For maximum battery life, you opt for the 1080p display (at the expense of maximum RAM and storage). If you need the pen, you have to opt for a UHD display as the 1080p version does not work with the pen.


Intel’s 8th Generation of processors has generated some controversy because the single-core performance was not that much better when compared to the 7th Generation. However, many mobile CPUs have seen their count of physical core double, and that is the case for the Core i7 8550U that is on our test laptop.


The comparable 7th Generation model had two cores, and the 8th has Four cores. That makes a noticeable difference: I test a lot of different laptops, and the difference in speed can be felt. The laptop is more responsive than laptops with a Gen 7 processor, and activities that benefit from multi-cores (web browsing is the most common one) are speedier. With companies like Mozilla building massively multi-threaded browsers such as Firefox Quantum, having four cores is more important than ever for just about everyone.

You may have heard that more cores are not always better, but in this case, is it. There are always ~150 system processes running in the Windows background. Secondly, it is not difficult in a PC environment to use 4 to 8 cores. Given that this laptop has the same 15W envelope than last year’s yoga 910, you are getting much better performance-per-Watt. (note 15W refers to the TDP or thermal design point, but heat dissipation and power consumption typically correlate)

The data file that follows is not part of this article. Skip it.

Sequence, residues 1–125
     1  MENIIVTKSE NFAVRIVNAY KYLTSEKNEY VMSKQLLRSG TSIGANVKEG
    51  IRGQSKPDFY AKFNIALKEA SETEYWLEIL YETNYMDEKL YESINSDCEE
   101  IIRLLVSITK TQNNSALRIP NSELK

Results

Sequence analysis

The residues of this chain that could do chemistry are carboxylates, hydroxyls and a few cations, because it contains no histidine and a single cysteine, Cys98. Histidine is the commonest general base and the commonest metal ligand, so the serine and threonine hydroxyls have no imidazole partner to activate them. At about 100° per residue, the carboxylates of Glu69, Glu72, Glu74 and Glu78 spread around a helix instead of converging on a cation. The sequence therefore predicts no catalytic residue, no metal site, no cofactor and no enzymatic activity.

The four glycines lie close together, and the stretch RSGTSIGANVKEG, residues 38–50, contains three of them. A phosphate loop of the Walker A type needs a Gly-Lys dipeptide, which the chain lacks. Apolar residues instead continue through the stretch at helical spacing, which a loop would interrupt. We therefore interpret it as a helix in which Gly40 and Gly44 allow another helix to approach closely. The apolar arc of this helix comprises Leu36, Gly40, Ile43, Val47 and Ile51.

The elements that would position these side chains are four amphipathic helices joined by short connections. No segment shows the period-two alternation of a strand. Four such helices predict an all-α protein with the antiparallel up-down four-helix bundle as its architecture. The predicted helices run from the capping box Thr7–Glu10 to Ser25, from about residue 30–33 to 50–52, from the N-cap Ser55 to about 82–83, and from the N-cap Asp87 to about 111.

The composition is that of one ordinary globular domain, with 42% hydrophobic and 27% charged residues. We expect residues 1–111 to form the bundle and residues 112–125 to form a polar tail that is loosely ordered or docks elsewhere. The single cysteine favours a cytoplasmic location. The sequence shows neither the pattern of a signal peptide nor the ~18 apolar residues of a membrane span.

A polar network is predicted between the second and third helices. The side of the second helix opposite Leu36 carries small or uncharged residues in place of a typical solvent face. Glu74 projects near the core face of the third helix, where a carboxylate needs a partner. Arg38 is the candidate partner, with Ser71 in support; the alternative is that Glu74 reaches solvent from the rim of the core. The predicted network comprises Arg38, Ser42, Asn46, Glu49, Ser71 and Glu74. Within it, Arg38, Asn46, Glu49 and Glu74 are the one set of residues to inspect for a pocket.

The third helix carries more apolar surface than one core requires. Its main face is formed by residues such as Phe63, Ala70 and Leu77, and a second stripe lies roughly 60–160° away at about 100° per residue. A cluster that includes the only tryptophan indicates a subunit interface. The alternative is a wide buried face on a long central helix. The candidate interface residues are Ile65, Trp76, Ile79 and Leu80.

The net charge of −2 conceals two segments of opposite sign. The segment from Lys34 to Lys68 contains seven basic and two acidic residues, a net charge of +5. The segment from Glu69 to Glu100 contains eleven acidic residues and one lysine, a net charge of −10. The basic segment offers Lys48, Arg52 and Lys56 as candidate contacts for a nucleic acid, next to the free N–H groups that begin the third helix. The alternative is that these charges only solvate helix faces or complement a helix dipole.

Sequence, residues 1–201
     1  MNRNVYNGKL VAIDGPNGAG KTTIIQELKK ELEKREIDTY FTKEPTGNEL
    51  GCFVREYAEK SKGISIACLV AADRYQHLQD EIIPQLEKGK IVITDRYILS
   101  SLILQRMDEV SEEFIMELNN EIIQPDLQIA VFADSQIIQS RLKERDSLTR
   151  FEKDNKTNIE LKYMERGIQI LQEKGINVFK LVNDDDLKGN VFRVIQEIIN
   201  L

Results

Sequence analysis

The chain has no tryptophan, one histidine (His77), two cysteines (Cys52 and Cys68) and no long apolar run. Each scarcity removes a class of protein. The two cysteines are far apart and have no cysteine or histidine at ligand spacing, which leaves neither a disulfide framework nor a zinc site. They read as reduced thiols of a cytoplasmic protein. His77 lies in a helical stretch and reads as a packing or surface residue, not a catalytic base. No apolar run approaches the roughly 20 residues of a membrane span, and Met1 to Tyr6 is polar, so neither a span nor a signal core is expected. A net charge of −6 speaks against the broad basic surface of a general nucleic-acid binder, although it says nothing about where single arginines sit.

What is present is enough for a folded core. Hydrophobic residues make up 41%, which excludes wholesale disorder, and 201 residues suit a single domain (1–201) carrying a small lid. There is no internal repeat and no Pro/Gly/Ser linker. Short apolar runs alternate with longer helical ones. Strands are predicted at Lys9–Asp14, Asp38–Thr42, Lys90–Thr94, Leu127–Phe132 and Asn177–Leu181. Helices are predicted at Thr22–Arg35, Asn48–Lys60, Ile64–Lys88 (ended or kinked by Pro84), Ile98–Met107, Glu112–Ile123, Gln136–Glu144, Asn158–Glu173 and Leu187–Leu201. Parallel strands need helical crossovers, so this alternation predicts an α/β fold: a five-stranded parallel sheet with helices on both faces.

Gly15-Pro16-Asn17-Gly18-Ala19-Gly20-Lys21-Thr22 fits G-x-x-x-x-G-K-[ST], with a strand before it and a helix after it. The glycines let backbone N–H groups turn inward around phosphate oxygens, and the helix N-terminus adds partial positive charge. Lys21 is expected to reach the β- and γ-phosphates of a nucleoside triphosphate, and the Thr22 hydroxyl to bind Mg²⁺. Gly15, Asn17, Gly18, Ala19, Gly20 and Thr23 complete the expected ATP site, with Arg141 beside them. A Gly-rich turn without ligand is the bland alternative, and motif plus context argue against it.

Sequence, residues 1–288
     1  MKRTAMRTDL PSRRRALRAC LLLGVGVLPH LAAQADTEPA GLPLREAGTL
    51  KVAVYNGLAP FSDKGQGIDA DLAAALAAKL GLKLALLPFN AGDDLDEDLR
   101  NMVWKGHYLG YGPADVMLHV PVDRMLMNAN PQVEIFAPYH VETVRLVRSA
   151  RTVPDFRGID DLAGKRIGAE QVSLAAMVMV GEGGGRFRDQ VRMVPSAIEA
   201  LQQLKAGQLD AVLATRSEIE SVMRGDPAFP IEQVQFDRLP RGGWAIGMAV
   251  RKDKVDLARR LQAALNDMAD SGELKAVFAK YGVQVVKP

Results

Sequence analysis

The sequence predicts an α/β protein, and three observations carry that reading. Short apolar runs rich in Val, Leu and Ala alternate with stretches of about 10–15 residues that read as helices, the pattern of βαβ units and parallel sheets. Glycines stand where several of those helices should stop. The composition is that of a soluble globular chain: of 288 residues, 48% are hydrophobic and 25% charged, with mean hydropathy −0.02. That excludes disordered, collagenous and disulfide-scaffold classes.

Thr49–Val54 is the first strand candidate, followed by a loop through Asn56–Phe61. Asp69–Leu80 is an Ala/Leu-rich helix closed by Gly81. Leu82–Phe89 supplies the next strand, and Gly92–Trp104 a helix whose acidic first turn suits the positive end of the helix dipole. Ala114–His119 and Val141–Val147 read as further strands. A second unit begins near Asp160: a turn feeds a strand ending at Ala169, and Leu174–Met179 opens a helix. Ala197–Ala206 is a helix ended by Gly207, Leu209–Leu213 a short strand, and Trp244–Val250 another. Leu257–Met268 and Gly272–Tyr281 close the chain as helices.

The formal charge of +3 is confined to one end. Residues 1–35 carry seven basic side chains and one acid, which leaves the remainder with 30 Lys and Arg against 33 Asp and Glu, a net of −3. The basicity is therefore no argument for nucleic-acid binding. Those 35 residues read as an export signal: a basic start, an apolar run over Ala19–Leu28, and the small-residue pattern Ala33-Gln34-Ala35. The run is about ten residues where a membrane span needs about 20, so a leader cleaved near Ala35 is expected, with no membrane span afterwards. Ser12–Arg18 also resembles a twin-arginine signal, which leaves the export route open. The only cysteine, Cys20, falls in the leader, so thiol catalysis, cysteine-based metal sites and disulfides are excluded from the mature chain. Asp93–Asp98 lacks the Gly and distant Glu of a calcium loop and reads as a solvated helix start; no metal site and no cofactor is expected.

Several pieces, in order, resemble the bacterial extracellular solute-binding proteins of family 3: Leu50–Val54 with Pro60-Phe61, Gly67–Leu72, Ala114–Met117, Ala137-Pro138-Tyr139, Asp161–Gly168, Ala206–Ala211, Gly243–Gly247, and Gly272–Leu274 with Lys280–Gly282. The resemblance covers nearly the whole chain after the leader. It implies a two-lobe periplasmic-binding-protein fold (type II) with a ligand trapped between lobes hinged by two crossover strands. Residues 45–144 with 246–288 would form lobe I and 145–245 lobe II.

There are more applications that will benefit. Any kind of heavy graphics workload (light CAD, video editing/rendering, games…) will benefit directly from this increase in core counts. Even a somewhat complicated excel spreadsheet operation will benefit from the extra cores.

The single-core performance is a little better, but not by much

The extra core add a massive increase of multi-thread SYNTHETIC performance

But in real applications, the increase is not nearly double – this is normal

The Lenovo Yoga 920’s SSD drive (512 GB SAMSUNG MZVLW512HMJP-000L2) offers good performance in this category, with a score that reaches beyond 5000 points in the PCMark 8 Storage Test 2.0 (5032 points). However, this is not much different from last year’s systems. Storage simply doesn’t evolve as fast, especially in more realistic tests.

Despite a powerful CPU, this laptop uses the Intel Integrated graphics unit embedded in the processor. The performance is very decent for productivity applications, but you should not expect the latest games to run fast on it. Games from a few years ago should be playable if you don’t want to use the maximum graphics options.